Bathrooms in Hillary Clinton’s Brooklyn campaign headquarters feature some unusual decor: Reminders about good password hygiene. One sign hung above a urinal reads “You wouldn’t share your toothbrush, don’t share your password,” Politico reported earlier this week, citing an unnamed source “familiar with the men’s room.”
Politico describes the signs as a “gallows humor” effort by campaign manager Robby Mook, but it’s also important security advice during an election cycle in which hacks and leaks have dominated headlines.
In recent weeks, WikiLeaks has posted caches of what it says are messages from Clinton campaign chair John Podesta’s personal Gmail account. And there's at least one glaring password security mistake among the emails leaked so far: Podesta had his former assistant email him his Apple ID and password.
Users on the /pol/ board of 4chan — a mostly anonymous forum where members are fond of posting pro-Donald Trump memes — discovered the log-in information quickly and claimed to have used it to remotely wipe Podesta’s Apple devices.
Podesta’s Twitter account was also hacked to display a tweet supporting Trump’s candidacy that also contained an apparent reference to the /pol/ board.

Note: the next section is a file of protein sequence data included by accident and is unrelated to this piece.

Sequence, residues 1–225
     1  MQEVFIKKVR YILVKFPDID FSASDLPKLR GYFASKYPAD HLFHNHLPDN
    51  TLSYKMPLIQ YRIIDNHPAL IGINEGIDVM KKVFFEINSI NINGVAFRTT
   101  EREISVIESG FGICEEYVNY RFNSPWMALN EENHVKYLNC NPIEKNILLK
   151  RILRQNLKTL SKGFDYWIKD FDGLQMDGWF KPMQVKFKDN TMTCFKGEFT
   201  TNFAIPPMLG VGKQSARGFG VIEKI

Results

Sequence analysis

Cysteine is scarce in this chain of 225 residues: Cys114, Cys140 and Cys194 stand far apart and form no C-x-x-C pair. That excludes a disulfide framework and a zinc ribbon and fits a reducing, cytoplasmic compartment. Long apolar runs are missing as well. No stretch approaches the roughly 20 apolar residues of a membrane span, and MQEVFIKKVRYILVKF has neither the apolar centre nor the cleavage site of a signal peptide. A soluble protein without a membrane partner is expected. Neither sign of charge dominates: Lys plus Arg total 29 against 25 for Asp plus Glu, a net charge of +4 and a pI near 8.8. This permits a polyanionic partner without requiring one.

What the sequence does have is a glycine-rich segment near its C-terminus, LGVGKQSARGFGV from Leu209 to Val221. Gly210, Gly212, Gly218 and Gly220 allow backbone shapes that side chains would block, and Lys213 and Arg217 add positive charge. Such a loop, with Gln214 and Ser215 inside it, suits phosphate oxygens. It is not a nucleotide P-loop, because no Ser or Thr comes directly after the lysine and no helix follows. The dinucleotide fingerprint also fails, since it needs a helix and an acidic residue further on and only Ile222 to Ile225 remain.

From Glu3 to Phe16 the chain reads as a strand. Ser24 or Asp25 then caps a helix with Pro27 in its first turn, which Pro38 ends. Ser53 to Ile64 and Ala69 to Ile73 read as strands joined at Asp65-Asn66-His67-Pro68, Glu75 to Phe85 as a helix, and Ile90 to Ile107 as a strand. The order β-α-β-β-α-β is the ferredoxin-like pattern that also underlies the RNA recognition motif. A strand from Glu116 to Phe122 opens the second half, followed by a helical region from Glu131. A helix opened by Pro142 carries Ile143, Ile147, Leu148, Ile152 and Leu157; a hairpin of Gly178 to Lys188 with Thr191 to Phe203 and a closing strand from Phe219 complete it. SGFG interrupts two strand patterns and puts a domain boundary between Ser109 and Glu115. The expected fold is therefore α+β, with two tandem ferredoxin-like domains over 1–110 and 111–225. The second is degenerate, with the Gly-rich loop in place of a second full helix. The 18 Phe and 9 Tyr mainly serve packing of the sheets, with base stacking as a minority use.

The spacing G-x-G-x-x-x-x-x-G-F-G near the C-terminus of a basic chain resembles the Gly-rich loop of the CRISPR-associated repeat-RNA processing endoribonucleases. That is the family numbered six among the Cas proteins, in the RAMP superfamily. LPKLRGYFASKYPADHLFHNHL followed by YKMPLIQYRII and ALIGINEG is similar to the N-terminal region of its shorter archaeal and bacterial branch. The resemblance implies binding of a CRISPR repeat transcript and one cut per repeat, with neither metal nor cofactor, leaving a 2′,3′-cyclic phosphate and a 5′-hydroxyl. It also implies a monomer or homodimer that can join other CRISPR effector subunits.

But the Podesta emails are just the latest in a string of hacks that have primarily targeted the Democratic Party, including a breach at the Democratic National Committee that resulted in then-chairwoman Rep. Debbie Wasserman Schultz's (D-Fla.) resignation.
The U.S. government has publicly accused Russian government-backed hackers of carrying out the DNC hack in an effort to influence the upcoming election. Russia has denied the charge.
The Clinton campaign did not immediately respond to a request for comment on the Politico report — and whether the password security signs are also present in women's restrooms.
(Disclosure: This reporter previously worked at the Center for American Progress, an organization founded by John Podesta.)